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The Bouvier des Flandres

Posted October 10, 2013 in Dog Breeds

Background:

The Bouvier des Flandres originated in the farmlands of what is today Belgium. They were built to work, not to be shown, and very few records were kept on lineage. At the time the dogs were more commonly known as vuilbaard (dirty breed), or koehond (cow dog), later their name was changed to Bouvier meaning “cowherd.” Important jobs given to the Bouvier included pulling carts, driving cattle, and general work around the farm. They had no breed standard and were available in all sizes and colors.

World War I nearly led to the extinction of the Bouvier, who was used in combat as an ambulance and messenger. The breed was saved as a result of an extensive breeding program and one particular dog named Nic de Scottegem, whom nearly all modern day Bouvier’s can be traced back to.  World War II decimated the breed once again but the resilient Bouvier survived.

The first breed standard was written in 1912 but was in debate for years after that. The American Kennel Club recognized the breed in 1929.

Sizing up:

  • Weight: 70 to 110 lbs.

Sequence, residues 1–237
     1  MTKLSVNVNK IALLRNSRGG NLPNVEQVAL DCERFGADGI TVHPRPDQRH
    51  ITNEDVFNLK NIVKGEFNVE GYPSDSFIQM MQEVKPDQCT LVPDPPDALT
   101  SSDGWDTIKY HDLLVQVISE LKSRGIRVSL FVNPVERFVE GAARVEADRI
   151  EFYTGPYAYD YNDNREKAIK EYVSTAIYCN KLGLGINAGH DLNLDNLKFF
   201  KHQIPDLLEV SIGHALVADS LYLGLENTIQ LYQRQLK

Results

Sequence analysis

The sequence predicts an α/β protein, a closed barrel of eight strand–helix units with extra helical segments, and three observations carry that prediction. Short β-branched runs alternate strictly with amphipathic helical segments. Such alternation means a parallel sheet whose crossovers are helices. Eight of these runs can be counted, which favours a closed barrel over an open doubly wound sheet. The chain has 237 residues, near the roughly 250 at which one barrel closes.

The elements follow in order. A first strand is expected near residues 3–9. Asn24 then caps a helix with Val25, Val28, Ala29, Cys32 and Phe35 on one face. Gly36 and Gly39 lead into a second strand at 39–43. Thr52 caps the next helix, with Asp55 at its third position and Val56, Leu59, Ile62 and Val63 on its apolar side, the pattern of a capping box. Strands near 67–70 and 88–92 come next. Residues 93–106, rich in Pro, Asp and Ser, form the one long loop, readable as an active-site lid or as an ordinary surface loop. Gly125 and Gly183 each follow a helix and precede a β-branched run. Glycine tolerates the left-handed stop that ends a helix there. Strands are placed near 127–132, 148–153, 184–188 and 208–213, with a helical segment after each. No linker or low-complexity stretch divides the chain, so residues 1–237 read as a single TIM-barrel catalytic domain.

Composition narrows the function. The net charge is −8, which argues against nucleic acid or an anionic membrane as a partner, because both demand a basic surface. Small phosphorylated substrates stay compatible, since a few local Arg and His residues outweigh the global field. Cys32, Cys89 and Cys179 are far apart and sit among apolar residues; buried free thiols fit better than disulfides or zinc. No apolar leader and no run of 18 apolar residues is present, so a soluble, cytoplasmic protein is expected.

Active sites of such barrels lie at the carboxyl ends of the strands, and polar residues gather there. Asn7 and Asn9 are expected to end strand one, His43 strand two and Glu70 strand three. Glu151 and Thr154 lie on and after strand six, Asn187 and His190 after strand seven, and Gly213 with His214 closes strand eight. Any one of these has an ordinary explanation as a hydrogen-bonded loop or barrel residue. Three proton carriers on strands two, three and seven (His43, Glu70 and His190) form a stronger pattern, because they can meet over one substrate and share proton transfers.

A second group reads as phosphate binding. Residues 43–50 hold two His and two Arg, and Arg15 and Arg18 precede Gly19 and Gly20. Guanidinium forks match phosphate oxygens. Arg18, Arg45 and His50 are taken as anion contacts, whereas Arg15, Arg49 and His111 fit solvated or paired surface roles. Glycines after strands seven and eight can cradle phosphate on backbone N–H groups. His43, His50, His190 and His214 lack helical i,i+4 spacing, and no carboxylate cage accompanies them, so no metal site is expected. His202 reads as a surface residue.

• Height: 23.5 to 27.5 inches
  • Coat: Double coat
  • Color: Fawn, salt, pepper, gray, brindle
  • Life expectancy: 10 to 15 years

What’s the Bouvier des Flandres like?

The Bouvier des Flandres was a working class dog and still needs plenty of exercise to stay healthy and satisfied. She certainly has the instincts of a herding breed and would love nothing more than to use these skills on a regular basis. With that in mind be sure your Bouvier isn’t nipping at the heels of children when they run by. 

The Bouvier’s temperament is excellent. She will generally be calm and polite with a can-do attitude and the stamina to match. She loves her people and will be naturally protective of them around strangers. She might show aggression around strange dogs as well but should do okay with dogs she’s known all her life.

When it comes to training the Bouvier it’s important that you establish yourself as dominant early in the relationship. Without the respect of your dog you certainly won’t have her attention. After that, training should be relatively simple. The Bouvier is intelligent and used to taking commands. Be careful you’re not repetitive though, the Bouvier’s intelligence means she can be bored easily.

The Bouvier would love to have space to run around in, especially

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Tori has more than 2 years of experience in the pet health industry and is junior editor of IDEXX’s Pet Health Network team.